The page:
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Thromboembolic complications among multiple injured patients with pelvic injuries: identifying risk factors for possible patient-tailored prophylaxis

Abstract

Background

Patients with pelvic and/or acetabular fractures are at high risk of developing thromboembolic (TE) complications. In our study we investigate TE complications and the potential negative effects of concomitant pelvic or acetabular injuries in multiple injured patients according to pelvic/acetabular injury severity and fracture classification.

Methods

The TraumaRegister DGU® was analyzed between 2010 and 2019. Multiple injured patients with pelvic and/or acetabular fractures with ISS ≥ 16 suffering from TE complications were identified. We conducted a univariate and multivariate analysis with TE events as independent variable to examine potential risk factors and contributing factors.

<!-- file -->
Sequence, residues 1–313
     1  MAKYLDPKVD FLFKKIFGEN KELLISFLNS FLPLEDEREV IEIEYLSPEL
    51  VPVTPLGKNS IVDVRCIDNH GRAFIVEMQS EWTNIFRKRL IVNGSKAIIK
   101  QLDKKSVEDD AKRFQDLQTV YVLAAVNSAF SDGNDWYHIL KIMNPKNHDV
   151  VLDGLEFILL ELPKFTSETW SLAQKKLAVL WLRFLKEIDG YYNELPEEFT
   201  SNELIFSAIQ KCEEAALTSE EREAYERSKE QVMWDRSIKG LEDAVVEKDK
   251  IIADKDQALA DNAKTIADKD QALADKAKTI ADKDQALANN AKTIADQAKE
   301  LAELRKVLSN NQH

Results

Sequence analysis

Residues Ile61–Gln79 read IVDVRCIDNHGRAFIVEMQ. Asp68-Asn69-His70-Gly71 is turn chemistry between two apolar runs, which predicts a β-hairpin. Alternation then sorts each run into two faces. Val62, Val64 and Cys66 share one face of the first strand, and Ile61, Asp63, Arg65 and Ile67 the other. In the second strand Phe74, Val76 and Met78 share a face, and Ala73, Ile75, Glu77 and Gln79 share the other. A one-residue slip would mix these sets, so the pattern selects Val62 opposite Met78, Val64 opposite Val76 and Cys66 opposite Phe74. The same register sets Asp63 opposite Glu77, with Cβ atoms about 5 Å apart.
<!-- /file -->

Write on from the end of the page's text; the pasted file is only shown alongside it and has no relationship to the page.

Results

10.634 patients met our inclusion criteria. The overall TE incidence was 4.9%. Independent risk factors for the development of TE complications were sepsis, ≥ 10 operative interventions, mass transfusion (≥ 10 PRBCs), age ≥ 65 years and AISAbdomen ≥ 3 (all p < 0.001). No correlation was found for overall injury severity (ISS), moderate traumatic brain injury, additional injury to lower extremities, type B and C pelvic fracture according to Tile/AO/OTA and closed or open acetabular fracture.

Conclusions